The Inheritance (Provision for Family and Dependants) Act 1975 is a crucial act and one that is highly regarded in obtaining a favourable judgment for relatives or dependants who have been disinherited in a will or if they have not been reasonably financially provided for. Thus, depending on the facts and particulars of a case, the act can allow a person to make a claim for reasonable financial provision from a deceased person’s estate.
Subsequently, provided a number of particular conditions are met, an applicant can be any one of the following:
- Spouse or civil partner
- Former spouse or civil partner
- Dependant of the deceased
- Child of the deceased
Judges have a wide scope of discretion to redistribute assets thus enabling relatives or dependants to inherit their entitlement from a deceased person’s estate. This restores justice and reaffirms the law that although there is testamentary freedom, one should not suffer if they strongly believe that they should have inherited from an estate.
In view of the foregoing, the factors that are taken into consideration are varied but include the following:
- What is just and proper
- Whether the estate has been distributed before a claim has been made
- Why the claim was not issues on time
- Whether the claimant has a strong case under the Inheritance Act if permission were to be granted for the claimant to pursue the claim.
The limitation period to bring forth a claim under this act is six months
from the date the Grant of Probate is obtained. However, should you wish to issue a claim after this time you must seek the courts permission. Accordingly, the courts are forthcoming in granting a claim out of time providing there are adequate and acceptable reasons justifying the delay, it should be noted however that this is not always guaranteed. To this effect, you must also show the claim has good prospects of success should it proceed to trail.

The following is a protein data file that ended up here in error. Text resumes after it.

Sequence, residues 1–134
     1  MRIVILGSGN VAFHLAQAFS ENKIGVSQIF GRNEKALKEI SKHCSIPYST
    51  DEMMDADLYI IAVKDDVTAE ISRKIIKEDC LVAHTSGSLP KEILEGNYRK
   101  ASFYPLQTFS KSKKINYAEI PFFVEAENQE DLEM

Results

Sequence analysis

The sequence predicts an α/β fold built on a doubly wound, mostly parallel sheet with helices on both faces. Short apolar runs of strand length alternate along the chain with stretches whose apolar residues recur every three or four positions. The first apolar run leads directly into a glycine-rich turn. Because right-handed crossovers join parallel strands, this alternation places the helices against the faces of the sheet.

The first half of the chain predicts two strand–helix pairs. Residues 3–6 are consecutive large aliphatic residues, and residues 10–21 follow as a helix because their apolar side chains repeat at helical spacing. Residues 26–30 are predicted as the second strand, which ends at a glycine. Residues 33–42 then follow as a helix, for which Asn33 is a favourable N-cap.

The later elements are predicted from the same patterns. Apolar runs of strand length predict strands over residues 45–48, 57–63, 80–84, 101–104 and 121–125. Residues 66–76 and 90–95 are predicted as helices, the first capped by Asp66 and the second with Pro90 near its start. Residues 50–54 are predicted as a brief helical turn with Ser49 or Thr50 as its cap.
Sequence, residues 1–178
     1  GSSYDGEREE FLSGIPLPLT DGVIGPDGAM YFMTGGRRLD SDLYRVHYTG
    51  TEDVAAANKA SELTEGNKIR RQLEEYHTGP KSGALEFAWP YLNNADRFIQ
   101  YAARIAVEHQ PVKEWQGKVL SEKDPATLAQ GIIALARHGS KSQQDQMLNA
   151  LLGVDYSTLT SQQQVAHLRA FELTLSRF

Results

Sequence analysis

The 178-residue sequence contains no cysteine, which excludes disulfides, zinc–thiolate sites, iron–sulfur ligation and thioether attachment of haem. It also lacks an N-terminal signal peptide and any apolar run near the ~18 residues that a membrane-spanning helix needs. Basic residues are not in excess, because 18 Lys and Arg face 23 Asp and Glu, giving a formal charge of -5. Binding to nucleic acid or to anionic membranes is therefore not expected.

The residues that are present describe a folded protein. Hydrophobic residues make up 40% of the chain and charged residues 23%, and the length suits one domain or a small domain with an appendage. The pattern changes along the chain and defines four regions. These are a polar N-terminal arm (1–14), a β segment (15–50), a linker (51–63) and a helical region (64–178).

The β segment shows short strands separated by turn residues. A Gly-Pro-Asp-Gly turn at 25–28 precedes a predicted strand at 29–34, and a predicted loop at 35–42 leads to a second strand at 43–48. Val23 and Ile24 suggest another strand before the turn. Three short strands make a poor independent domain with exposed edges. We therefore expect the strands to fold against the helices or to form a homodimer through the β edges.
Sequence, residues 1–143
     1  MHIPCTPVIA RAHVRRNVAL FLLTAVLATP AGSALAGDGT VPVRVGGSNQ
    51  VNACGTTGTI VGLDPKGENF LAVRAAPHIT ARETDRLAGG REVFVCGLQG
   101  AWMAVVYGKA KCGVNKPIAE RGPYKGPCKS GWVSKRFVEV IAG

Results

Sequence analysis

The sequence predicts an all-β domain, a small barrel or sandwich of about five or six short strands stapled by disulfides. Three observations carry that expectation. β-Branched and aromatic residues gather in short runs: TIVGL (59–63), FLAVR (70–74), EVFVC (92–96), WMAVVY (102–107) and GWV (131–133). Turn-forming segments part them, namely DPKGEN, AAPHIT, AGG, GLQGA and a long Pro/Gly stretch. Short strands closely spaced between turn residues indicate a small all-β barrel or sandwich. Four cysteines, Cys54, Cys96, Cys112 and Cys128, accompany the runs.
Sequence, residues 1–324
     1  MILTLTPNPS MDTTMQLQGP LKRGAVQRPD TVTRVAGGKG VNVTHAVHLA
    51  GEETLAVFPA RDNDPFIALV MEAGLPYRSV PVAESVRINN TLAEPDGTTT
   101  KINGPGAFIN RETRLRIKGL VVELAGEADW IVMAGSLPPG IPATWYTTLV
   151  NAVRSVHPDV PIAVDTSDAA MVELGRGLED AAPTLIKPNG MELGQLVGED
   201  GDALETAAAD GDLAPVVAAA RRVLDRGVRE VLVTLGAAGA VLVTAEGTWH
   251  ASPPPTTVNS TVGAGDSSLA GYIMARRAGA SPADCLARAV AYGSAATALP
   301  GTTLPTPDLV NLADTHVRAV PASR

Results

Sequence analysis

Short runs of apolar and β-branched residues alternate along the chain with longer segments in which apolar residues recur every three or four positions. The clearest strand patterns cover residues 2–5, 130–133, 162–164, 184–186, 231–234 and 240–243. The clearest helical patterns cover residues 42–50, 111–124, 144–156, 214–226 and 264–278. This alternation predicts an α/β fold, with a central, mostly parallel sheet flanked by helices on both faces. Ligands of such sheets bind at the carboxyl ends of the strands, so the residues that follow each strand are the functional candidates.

Recent Case Law
An example of a recent case being granted permission out of time is Cowan v Foreman & Ors  EWCA Civ 1336
. The Court of Appeal had reversed the original decision handed down by Mr Justice Mostyn.
Originally the parties had decided to enter into a standstill agreement to try and resolve the issues amicably and thus not enforcing the six month deadline. Mostyn found this to be unreasonable and said that the Claimant should have issued a claim within the six month deadline. Thereafter, the parties would have the chance to negotiate the case whilst putting court proceedings on hold. Furthermore, he found that 17 months was far too late to issue a claim without any exceptional factors to explain the same.
Ultimately, Lady Justice Asplin had said the decision was “plainly wrong”. The appeal was granted in the Claimants favour. To this end, the appeal suggested that the legitimacy of a claim is important opposed to “good reason or cause”. It also specifically looked at section 4 of the Inheritance Act 1975 which played a significant factor in connection with the decision relating to the appeal.
In addition, it is needless to say that a claim must be issued within the limitation period to have the best possible merits of success. It is imperative that claimants seek legal advice if they believe they have been put at a financial disadvantage in relation to a deceased person’s estate.
In most circumstances, normal practice sees that the unsuccessful party pays the successful party’s legal costs. However, these costs are wholly decided by the judge and are based on a variety of factors. In some instances the costs may be met from the estate of the deceased if an agreement is reached between the parties involved.
Author Zeen Al Atroshi
is a caseworker in the wills and probate department at the Duncan Lewis Solicitors Harrow office. She works under the supervision of wills and probate director Caroline Roche
. Zeen handles a variety of wills and probate matters including contentious and non-contentious probate matters; Lasting Power of Attorneys; and declaration of trusts.
To contact Zeen directly call 020 3114 1297
or email ZeenA@duncanlewis.com
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